The Hunting, Farming and Fishing Association opposes SB137 Relating to Lay Nets.
We oppose this measure due to the fact that nets are a method used to provide food for families and communities and the measure does not provide adequate reason to regulate these nets. The current regulations that are in place have changed significantly throughout the past 10 years. Each year, there are new regulations that are proposed and supported by the Department of Land and Natural Resource to include restrictions on soak time, net length, water depth, time of day, mesh size, and inspection requirements. Each new bill has been proposed by the Department based on the understanding that these new regulations can be enforced. The Department’s justification in regard to this bill is that they are unable to regulate the current regulations implemented in the last few years, the lay nets harm the environment, and the bycatch problem has not been resolved. However, their data is based on bycatch caught since the 1990s. This is not the fault of individuals that have adjusted and complied with the current regulations. This a lack of effort on by the Department to accept and work with individuals that use this method to gather food.
The lay net method to gather food has been in existence for more than 50 years. The lay net is, and continues to be, a traditional method to gather food that has been passed down through generations. Fishing has changed since 1778, and today we have many new methods to gather fish to feed our families. This, like many types of fishing methods, is becoming a dying art with far fewer individuals participating and more government regulations limiting access and methods of gathering. If this measure passes, we will effectively destroy a traditional practice used to feed families.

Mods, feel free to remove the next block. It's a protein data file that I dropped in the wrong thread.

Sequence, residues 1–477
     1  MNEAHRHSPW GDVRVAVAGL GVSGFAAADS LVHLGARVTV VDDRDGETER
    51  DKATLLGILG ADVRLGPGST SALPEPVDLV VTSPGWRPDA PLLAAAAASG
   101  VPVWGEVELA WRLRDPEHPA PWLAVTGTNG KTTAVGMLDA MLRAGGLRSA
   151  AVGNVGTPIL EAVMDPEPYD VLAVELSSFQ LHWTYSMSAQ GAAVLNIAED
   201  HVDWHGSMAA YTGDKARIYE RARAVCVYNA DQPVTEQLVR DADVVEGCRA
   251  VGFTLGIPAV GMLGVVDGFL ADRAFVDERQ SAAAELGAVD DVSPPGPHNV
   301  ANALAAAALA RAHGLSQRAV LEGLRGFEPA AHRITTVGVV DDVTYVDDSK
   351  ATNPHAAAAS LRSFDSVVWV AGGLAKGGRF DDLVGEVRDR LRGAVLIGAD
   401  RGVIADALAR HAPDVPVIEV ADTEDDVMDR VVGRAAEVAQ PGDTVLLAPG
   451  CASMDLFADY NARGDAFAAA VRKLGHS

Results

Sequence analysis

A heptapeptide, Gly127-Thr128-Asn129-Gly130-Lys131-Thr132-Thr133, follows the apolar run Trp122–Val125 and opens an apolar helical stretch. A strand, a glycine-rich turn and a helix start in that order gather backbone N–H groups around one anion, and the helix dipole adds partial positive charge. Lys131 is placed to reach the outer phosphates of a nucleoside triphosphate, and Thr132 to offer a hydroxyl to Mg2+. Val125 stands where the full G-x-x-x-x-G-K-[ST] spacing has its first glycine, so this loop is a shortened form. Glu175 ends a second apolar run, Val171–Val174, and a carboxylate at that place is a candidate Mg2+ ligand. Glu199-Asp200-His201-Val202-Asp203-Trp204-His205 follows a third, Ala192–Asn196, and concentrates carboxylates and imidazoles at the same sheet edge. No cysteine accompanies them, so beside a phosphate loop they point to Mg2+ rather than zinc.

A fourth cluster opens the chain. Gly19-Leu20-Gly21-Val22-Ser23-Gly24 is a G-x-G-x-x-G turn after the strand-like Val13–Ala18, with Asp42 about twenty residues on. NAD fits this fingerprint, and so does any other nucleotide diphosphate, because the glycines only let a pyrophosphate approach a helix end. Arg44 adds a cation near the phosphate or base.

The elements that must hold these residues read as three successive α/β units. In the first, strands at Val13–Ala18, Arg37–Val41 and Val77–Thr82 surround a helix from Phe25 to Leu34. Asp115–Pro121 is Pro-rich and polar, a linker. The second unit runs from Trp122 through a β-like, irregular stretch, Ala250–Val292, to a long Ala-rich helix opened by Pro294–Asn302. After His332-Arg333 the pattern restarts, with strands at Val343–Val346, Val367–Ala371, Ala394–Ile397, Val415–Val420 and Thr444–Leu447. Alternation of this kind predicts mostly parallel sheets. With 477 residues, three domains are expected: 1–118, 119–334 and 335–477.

Bycatch happens and needs to be addressed. No matter the method, there will be bycatch. Using hook and line also results in bycatch to include turtles and monk seals. The department and other federal agencies created a proactive campaign to encourage fishermen to de-hook and call in accidental catches. How many individuals state wide have accidentaly hooked turtles or monk seals in the last 5 years, and how many of these accidental hooking resulted in death? The department has implemented regulations in the last 5 years that are supposed to reduce bycatch. Where are the results from the department since the regulations have been imposed and assumed to be regulated? Were the seals and turtles a result of law-abiding lay netters or illegal lay netters? This needs to be addressed.
Hawaiian practice and tradition evolved with technology to include the use of lay nets. Hawaiians culture was built on utilizing the resources to feed families and enhance living conditions. To assume that the Hawaiians lived a perfect symbiotic relationship with the environment is not true, as can be pointed out with Kamehameha and the sandalwood trade in the late 1800s into the early 1900s. Kamehameha had harvested sandalwood to the point of extinction to build wealth.
Hawaiians continue to maintain Hawaiian tradition by using their resources to feed families and enhance living conditions. We have embraced technology and improved our method of gathering from our resources with the use of the lay net. The lay net is now an important part of our culture.
The Hunting, Farming and Fishing association have seen many rules and regulations proposed each year to address public opinion and assumptions without sound justification. We have seen fishermen and fishing methods villanized without an understanding or willingness to seek understanding. If we allow this bill to pass, we are destroying a piece of our culture and taking food from individuals without just cause. We cannot continue to add fishing regulations that slowly take away our ability to gather from our resources and takes away from the traditional cultural practices of Hawaii.